Following is a description, from the bottom up:

Traffic statistics, security logs and security reputation feeds are collected by a profiler, which aggregates and learns behavioral parameters with no real context in mind.

A security engine is an entity that selects certain types of parameters and correlates them in order to make a security decision. This is where a “local” context based security decision is made, as multiple parameters are taken into account in the decision making.

The reason for defining it as a “local” context lies in that fact that an engine doesn’t “know” about decisions of other security engines in the same level. The separation between decision engines that “live” in the same level is required for scale and extendibility purposes of the protection system, i.e., agility that allows the creation of more security engines.

The holistic context-based engine(s) collects feeds from the different decision engines and is responsible for identifying the “big picture”. The Big Picture is generated by engine(s) that can process a wide spectrum of feeds of different types and “glue” them together based on parameters such as time, topology, the asset type, security event type and so on.

Security language – in order to create a system which is extendible in a way that more context-based scenarios can be added, two levels of security language are introduced. One is for creating new security engines that identify a new type of threats with a “local” context, and another language (the highest one in the Figure), for creating the holistic context-based decision process – a language that provides the “glue” between the aforementioned parameters.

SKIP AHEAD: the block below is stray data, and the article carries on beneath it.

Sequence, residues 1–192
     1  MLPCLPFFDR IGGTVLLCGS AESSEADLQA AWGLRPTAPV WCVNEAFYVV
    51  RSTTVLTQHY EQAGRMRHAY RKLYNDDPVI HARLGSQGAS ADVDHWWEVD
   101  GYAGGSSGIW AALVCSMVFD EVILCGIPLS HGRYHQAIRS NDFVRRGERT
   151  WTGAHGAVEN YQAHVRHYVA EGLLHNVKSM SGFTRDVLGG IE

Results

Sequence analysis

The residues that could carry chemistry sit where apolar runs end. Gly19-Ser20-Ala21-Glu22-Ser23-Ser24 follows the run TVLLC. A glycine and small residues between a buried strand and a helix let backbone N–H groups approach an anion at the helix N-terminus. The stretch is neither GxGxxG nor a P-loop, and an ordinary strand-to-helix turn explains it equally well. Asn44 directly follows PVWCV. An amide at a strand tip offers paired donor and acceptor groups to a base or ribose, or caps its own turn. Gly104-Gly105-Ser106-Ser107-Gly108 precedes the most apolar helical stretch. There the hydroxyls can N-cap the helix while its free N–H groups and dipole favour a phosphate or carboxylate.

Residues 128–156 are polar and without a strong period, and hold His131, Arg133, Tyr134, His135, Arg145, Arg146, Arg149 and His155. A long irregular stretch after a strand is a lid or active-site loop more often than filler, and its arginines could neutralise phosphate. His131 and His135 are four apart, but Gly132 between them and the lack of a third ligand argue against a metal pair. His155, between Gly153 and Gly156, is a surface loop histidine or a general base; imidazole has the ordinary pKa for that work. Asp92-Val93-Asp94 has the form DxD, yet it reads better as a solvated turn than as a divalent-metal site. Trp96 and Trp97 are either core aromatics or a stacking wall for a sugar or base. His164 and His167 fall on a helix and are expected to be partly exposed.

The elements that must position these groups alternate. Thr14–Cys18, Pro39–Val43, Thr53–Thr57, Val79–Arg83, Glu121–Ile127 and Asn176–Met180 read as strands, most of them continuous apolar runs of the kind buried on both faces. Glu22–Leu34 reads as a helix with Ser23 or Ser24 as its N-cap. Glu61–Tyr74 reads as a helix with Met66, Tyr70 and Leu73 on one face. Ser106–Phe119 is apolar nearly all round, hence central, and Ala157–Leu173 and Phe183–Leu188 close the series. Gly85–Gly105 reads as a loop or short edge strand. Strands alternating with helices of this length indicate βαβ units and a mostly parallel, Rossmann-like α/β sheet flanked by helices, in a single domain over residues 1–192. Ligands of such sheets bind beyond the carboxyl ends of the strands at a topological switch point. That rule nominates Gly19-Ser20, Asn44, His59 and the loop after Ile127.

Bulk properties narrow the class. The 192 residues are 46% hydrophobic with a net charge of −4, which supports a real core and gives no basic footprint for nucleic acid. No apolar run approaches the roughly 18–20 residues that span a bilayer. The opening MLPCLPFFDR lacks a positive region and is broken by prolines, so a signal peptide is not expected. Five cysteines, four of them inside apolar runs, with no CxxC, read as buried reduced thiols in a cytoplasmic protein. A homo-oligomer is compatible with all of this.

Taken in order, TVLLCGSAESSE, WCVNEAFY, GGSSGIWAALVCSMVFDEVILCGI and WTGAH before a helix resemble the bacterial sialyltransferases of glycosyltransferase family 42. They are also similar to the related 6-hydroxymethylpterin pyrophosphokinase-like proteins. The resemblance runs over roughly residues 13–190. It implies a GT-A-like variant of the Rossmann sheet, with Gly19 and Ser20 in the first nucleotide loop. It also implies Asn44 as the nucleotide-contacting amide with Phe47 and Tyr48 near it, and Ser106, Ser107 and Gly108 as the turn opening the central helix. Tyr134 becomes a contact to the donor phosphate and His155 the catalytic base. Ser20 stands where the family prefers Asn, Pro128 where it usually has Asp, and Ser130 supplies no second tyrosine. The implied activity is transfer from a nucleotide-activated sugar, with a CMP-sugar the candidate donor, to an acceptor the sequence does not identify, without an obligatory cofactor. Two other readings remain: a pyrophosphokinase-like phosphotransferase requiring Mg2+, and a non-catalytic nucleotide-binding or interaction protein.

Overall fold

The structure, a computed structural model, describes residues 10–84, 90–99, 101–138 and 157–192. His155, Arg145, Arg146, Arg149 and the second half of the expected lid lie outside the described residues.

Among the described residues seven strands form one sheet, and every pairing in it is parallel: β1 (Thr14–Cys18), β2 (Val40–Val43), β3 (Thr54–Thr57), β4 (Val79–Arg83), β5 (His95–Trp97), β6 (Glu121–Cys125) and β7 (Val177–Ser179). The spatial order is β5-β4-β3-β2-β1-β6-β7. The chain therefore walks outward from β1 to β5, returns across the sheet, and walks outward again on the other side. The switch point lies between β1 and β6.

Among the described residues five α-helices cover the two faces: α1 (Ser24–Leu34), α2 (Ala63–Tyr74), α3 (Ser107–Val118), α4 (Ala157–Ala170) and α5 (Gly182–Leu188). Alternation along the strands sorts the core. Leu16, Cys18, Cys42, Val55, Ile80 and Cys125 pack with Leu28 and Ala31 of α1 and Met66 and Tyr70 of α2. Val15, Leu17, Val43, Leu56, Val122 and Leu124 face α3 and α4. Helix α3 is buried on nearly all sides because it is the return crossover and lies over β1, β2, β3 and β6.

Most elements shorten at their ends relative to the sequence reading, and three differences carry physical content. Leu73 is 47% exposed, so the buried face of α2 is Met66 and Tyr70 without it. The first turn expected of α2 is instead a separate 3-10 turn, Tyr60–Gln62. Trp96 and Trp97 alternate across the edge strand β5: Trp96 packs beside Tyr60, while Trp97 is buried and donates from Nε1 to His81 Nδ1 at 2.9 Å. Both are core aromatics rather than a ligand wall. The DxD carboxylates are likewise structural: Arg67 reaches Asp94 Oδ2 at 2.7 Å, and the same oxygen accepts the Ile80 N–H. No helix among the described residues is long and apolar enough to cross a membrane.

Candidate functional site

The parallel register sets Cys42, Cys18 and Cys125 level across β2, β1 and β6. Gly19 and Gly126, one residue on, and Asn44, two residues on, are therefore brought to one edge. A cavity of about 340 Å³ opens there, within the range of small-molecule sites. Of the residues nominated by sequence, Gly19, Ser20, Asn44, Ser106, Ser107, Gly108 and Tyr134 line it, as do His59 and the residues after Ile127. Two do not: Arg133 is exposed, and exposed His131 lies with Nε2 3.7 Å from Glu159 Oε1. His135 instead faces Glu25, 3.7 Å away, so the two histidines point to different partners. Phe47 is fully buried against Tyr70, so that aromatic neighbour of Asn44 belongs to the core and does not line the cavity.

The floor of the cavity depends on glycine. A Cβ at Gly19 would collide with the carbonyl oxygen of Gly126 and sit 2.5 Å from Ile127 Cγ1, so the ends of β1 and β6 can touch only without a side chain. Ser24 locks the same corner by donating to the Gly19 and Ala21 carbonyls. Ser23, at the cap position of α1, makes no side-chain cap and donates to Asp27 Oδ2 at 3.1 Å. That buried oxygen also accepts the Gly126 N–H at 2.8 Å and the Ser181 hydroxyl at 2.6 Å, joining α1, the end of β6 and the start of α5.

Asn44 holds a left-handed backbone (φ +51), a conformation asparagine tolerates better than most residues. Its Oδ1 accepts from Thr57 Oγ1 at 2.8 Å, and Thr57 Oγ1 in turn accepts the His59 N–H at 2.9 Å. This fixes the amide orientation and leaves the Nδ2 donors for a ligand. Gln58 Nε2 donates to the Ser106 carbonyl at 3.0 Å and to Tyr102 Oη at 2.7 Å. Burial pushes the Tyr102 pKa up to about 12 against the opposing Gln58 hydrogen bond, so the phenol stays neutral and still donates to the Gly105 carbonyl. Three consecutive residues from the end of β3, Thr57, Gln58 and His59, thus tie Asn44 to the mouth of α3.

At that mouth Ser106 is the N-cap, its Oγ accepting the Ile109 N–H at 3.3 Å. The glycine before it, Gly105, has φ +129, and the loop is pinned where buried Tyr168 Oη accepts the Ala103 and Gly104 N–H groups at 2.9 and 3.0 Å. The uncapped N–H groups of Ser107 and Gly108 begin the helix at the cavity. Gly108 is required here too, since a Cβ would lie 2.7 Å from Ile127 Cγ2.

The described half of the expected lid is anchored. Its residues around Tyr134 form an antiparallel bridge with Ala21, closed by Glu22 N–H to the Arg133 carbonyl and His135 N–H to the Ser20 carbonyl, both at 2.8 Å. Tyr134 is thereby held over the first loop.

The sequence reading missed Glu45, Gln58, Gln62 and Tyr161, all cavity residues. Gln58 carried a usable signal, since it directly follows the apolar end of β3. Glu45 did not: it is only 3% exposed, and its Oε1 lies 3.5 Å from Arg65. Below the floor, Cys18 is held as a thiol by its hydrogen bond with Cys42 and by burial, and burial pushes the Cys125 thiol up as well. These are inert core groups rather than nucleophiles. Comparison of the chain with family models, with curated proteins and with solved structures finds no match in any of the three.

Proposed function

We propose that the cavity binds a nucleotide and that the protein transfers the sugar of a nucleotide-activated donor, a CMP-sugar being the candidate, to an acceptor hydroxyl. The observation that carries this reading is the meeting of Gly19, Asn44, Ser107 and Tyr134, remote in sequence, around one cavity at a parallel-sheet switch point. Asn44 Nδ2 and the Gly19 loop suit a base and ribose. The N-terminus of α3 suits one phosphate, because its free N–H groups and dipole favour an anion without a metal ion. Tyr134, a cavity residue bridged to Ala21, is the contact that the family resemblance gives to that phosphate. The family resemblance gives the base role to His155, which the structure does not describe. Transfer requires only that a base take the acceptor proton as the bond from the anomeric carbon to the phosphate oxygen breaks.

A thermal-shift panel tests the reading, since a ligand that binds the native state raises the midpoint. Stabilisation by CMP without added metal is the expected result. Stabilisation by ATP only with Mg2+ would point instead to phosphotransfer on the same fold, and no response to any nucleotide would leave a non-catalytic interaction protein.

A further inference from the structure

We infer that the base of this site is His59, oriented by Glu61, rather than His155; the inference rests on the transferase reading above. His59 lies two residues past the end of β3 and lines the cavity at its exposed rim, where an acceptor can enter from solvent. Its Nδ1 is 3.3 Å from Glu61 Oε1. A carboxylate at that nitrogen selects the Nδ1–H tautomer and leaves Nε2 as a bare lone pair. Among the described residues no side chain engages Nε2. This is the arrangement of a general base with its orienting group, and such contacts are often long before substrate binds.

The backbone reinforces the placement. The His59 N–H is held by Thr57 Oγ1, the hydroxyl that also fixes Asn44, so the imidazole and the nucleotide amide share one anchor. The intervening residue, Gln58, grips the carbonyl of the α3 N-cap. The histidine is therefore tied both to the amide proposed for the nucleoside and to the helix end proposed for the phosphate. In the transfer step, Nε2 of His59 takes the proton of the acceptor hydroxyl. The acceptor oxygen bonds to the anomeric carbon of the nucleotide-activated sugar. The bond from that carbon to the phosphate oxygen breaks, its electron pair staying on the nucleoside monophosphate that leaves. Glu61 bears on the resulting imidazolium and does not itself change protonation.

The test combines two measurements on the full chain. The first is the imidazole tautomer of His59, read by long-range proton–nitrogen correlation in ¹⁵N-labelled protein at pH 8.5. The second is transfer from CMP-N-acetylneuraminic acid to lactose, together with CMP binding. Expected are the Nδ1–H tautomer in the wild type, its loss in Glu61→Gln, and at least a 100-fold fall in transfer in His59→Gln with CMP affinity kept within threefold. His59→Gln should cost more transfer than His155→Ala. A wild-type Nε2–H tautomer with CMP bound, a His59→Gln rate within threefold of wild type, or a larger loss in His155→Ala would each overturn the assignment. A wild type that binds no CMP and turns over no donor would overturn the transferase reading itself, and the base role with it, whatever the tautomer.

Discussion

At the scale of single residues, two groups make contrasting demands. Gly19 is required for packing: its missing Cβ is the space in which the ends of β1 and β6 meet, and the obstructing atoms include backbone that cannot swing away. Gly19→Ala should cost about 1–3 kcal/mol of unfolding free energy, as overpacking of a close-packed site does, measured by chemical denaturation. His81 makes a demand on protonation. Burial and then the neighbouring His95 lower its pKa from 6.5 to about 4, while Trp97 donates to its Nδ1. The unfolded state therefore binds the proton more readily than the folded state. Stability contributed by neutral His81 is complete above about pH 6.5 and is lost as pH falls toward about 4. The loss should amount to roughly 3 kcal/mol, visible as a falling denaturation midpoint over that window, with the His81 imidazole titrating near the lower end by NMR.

Although some of the processes can be automated, full automation results in limited protection or as I described that in my previous column “a limited protection space.”

Therefore, the interaction of the human security expert is key! Protection systems that aim to fight against Advanced Persistent Attack Campaigns and are expected to end up with the upper hand, need to provide the security managers with real tools to fight back. The proposed security model I’ve illustrated is needed in order to start designing products that provide these tools.

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Avi Chesla is CEO and Founder of empow, a cyber security company that envisions a future where security experts have the freedom, and the technology, to create unique solutions to meet their organizations' security needs. Prior to empow, Avi was CTO and VP of Security Products at Radware, where he was responsible for defining and leading the company’s strategic technology roadmap and vision including the foundation and management of Radware’s Security Division, a provider of cyber attack mitigation solutions. Mr. Chesla has authored a number of articles for major publications on advanced network behavioral analysis, expert systems and information security and has earned numerous patents in these areas. His views on industry trends and best practices have been featured in articles, white papers, and on the conference speaking circuit.